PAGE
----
Go to Myanmar, HK firms
Updated: 2013-01-09 06:11
By Thomas Chan (HK Edition)
It may not be such a wild idea for Hong Kong to set up an offshore industrial park in a promising and favorable neighboring country. With the increase of production costs and the scarcity of land and labor in the Pearl River Delta (PRD) region, it should be the time for Hong Kong, its government, trade associations and firms, to consider building new offshore industrial parks to replace the old and declining ones in the neighboring cities in Guangdong.
The whole of China is now facing a labor shortage and accelerating labor costs. The government is also becoming more prudent in the use of its scarce land resources. All over China the unifying policies of the central government have prevented special policy allowances for investing firms; it has already become clear to the Hong Kong firms in the PRD region that there is no escape from cost escalation on the mainland by relocating to outside the PRD region.
Outside China, Vietnam seems to have become saturated with FDI and Indonesia looks much less favorable. Governments of both countries also appear less friendly to China and thus possibly to Hong Kong investment in the future. Even Vietnam has faced cost escalation because of the large influx of investment. Laos and Cambodia are too small and too backward in all aspects of economic and social developments. Thailand has also become more expensive than Vietnam. Malaysia is one of the most developed country in the region, but racism makes it out of the question for industrial processing investment relocated by Hong Kong firms. This leaves only Myanmar, the second largest economy in terms of land size after Indonesia, which is also the poorest country in the region with the lowest wage level even when compared with Cambodia.
Myanmar was among the most developed economy in the region until the 1950s and shares with Hong Kong and Singapore the legacy of British colonial rule. Unlike Cambodia and Laos, the other two poor countries in the region, Myanmar is resource rich - for natural resources like natural gas, gems, timber and agricultural production of rice, pulses, fisheries and livestock.
Its current reform aiming at triple transition (from military government to civilian rule, from 60 years of internal conflict to peace and from centrally directed pre-industrial economy to a modern market oriented open economy) seems to progress very impressively in the last two years. Its great progress in these transitions have impressed almost everyone including the hostile US, which after the personal visit of President Obama removed decade old sanctions against the country.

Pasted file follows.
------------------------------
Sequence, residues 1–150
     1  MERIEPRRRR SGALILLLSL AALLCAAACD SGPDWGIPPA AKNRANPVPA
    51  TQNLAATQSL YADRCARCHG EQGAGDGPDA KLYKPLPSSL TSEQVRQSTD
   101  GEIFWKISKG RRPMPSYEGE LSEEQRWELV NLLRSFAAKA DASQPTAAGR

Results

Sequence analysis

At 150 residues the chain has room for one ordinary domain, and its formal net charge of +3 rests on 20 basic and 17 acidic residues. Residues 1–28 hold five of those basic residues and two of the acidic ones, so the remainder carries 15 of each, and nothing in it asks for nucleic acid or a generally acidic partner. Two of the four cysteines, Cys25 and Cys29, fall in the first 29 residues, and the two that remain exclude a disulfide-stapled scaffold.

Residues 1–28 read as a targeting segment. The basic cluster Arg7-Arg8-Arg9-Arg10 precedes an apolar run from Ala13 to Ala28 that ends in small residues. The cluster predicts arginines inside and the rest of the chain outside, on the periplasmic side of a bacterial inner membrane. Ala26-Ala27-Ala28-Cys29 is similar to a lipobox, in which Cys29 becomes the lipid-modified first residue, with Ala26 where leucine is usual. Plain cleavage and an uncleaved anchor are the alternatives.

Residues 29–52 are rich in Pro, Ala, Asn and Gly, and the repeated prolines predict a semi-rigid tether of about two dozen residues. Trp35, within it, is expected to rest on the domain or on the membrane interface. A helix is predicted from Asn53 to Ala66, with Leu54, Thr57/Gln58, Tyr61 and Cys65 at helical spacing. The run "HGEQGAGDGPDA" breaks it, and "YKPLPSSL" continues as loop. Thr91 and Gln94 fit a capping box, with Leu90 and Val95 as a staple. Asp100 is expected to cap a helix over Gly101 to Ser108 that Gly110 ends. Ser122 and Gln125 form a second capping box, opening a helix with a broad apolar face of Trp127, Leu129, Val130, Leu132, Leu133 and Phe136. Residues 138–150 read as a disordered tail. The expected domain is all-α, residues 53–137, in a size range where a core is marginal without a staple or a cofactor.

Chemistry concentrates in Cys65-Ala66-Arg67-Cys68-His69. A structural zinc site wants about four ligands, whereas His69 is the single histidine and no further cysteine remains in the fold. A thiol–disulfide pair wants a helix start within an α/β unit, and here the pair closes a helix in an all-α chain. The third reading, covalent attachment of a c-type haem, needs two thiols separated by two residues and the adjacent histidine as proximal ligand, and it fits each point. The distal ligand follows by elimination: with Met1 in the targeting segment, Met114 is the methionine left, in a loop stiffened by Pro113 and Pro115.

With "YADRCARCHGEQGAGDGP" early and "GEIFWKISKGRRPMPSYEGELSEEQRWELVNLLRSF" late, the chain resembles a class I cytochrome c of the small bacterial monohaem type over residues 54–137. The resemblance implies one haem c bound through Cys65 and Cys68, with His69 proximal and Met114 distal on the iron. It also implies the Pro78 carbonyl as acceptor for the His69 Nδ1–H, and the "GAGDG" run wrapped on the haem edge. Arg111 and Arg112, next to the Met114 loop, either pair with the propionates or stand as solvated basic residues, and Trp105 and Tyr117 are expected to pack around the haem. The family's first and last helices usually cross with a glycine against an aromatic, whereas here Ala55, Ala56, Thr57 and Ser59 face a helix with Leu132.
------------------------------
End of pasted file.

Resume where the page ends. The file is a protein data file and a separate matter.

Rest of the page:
The Japanese conglomeration of corporations has labeled Myanmar the last frontier and this year there has been a huge influx of Japanese investment into Myanmar even in areas like super market, organic vegetable farming as well as restructuring and modernization of Myanmar's old infrastructure. Its strategic geo-economic position, next to major markets in the world, China, India and Southeast Asia, has yet to realize its market potential as suggested in a December 2012 report of the World Bank.
With its labor cost lower than Cambodia's, the lifting of sanctions allows it to avail special import duties advantages, as one of the least developed countries in the world, Myanmar should be a favorable location for the relocation of Hong Kong industrial processing firms from Dongguan and Shenzhen. Its population, almost 60 million but with little industrial employment, should support a huge expansion of manufacturing production in the country funded and managed by foreign investors. In fact, a Thai firm has already set up a huge complex of ports, railway, industrial parks, and other infrastructural facilities in southern Myanmar. Japan is negotiating for an industrial park exclusively for Japanese firms near Yangon, the former capital and the largest port and city in the country. There are also investments from Singapore, Vietnam, and the Chinese mainland in the several industrial parks already set up by the government before.
The new civilian government has just passed a new foreign investment law giving more advantages and allowances to foreign investors. At a recent investment seminar organized by the China Business Centre of the Hong Kong Polytechnic University, the deputy head of the Myanmar Investment Commission supported the idea of having a new industrial park in the country, specifically for firms from Hong Kong, in particular in the garment industry, which before US sanctions had been a major industry there. At present it still is viewed as a key industry by the civilian government for increasing local employment.
Hong Kong and Macao have extensive connections in Myanmar, especially in Yangon where most overseas Chinese live and work and have a chamber of commerce there. They will be the most valuable connection and human resources for facilitating the relocation of Hong Kong industrial processing firms to Myanmar. The SAR government should do more to help Hong Kong firms set up industrial park(s) in Myanmar.
The author is head of China Business Centre, Hong Kong Polytechnic University.
(HK Edition 01/09/2013 page3)